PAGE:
Paris Fashion Week just closed with a bang earlier this week. And while some of the biggest fashion names in the world put on spectacular shows—Chanel showed its last collection designed under the late Karl Lagerfeld, for example, and Dior, Balmain, Givenchy, and Valentino were some of the other household names that staged fall 2019 shows in Paris—there were also a really great crop of new talents this season. From an anonymous Eastern European collective that designs perfected minimalist silhouettes to a Japanese label that has hints of the #OldCeline aesthetic, here are the names to watch for the new season.
Founded in 2012 by Anaïs Mak, Anais Jourden is the Hong Kong-based fashion line that mixes feminine sensibilities with unexpected contrasts. The line made its Paris Fashion Week debut last year and has a penchant for mixing crushed lace mini dresses with puffer jackets covered in textural details like shiny pieces of confetti-like fabrics or raw edge patchwork trim. Mak also regularly includes ladylike fixtures of design: tweed, dropped waists, fitted bustier tops. As the show notes described the fall 2019 show: "Driven by retrospection and affirmation, it is an homage to the Jourden roots that muses on the transformative power of clothes while challenging a certain kind of high-society elegance."
Nehera is the emerging Czech brand with an intriguing history. Czechoslovakian businessman Jan Nehera launched his successful ready-to-wear brand in the 1930s, but World War II caused the company to shutter until its name was acquired by a marketing whiz in the 1990s. Now, the brand operates as a design collective, putting out almost-monastic minimalist pieces, this season inspired by female artists such as German photomontage artist Hannah Hoch and muse to Gustav Klimt, Emilie Flöge.
"For fall 2019 collection, the focus is on the creative woman and on the whole process of creation and its celebration," read the collective designer's show notes. "Following on from the thread of the pre-collection (the woman as artist), we dive deeper into her world to intimately observe how she creates and develops her work in the workshop or atelier and then we accompany her in public."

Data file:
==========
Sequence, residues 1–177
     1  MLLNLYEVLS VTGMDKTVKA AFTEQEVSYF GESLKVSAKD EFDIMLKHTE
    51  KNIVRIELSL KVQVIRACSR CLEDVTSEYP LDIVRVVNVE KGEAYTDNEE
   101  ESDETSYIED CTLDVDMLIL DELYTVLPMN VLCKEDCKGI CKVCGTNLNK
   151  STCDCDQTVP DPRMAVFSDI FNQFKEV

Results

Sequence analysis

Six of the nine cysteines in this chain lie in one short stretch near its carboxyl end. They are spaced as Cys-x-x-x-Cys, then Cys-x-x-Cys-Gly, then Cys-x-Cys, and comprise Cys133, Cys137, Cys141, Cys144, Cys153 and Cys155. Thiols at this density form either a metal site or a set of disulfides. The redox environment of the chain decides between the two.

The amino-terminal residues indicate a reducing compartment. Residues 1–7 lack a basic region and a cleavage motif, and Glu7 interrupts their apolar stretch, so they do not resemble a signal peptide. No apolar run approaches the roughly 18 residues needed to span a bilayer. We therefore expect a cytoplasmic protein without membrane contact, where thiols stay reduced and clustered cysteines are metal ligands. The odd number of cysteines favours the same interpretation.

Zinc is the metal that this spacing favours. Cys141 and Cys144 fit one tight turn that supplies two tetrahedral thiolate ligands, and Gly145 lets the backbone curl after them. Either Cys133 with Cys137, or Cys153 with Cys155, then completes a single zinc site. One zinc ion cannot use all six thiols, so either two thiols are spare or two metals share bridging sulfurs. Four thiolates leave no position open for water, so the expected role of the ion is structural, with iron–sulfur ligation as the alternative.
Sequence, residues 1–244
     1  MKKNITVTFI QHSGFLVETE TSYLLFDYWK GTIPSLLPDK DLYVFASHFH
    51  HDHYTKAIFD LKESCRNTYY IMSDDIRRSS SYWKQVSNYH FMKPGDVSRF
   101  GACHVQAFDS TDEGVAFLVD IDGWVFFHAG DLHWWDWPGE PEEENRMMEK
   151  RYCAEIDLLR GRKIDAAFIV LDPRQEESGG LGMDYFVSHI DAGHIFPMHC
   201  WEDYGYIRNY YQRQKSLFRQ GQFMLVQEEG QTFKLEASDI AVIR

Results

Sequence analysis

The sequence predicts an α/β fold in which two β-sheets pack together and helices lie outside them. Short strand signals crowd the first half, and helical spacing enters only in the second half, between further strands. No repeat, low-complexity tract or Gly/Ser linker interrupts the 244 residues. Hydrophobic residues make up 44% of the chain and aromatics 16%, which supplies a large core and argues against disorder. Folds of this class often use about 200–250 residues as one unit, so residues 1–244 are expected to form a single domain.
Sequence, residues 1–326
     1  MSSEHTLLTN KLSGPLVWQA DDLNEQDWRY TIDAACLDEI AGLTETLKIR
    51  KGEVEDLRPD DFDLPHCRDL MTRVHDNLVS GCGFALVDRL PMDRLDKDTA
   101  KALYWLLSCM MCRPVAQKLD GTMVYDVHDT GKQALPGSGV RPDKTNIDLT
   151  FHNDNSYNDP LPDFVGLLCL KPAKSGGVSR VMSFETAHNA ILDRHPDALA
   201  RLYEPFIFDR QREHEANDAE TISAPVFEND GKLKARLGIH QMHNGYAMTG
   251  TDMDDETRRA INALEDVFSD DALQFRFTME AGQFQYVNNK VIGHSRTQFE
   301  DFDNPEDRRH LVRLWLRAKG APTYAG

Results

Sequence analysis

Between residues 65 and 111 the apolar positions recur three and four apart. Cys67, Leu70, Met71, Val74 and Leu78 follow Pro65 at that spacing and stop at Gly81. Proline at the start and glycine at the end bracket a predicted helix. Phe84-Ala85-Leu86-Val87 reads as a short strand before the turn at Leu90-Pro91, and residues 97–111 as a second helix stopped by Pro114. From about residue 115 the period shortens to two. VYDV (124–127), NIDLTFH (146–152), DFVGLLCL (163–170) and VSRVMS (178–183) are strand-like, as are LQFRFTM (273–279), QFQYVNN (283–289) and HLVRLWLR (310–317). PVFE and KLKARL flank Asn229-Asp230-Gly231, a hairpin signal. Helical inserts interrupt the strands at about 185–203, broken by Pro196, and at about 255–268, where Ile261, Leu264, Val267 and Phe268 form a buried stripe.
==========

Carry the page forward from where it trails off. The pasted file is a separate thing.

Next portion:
Designer Keiko Onose launched Cyclas in 2016 after working as the fashion director of the Japanese label United Arrows and founding the fashion boutique, The Secret Closet in Tokyo. For her fall 2019 show, her first on the official Paris Fashion Week schedule, held inside the Palais de Tokyo, Onose showed a collection that mixed mesmerizing contrasts in fabrics, textures, colors, and concepts. It was intrinsically wearable and also quirky, with its mix of supersized bell sleeves and clashing khaki, lavender, and sage color palettes. Onose was inspired by painter Gerhard Richter and sought to make clothes "that would inspire, engage and empower women with the underlining criteria of intelligence, boldness—delicate and feminine."
German designer Lutz Huelle has been quietly working in fashion for decades. In fact, he formerly worked under Martin Margiela and has served as the creative director for Spanish brand Delpozo since last year. But his creative namesake line still remains vastly under the radar, at least for those who aren't familiar with his signature hybrid bomber jackets, silken yet punk ball gowns and transforming trench coats. Huelle describes his work as being everyday pieces put through a different light.
This season's aesthetic was particularly feminine with structured sleeves on high-volume dresses. The theme was that of playing dress up as an adult. "I have always loved the idea of wearing dramatic pieces to do boring things—going to the supermarket in a pink bubble-coat might make the experience so much more enjoyable, also, you never know who you might run into," he said.
Dawei is another brand new player in the Paris Fashion Week scene. Designer Dawei Sun formerly worked at John Galliano and Balenciaga and as creative director of Cacharel before launching his namesake line in 2016.
For fall 2019, he showed his first-ever runway show under his line. With a strong collection full of architectural wonders and playful prints, Sun was inspired by the bone structure of dinosaurs, which he recreated through sharp and rounded lines in everyday fabrics, such as shirting materials and wool. The result was pieces that felt extraordinary yet high-end. Playfully styled with gingham checked socks and puffer jackets that wrapped around the body like padded armor, the debut collection runway show suggested that Dawei will be one to watch long into the future.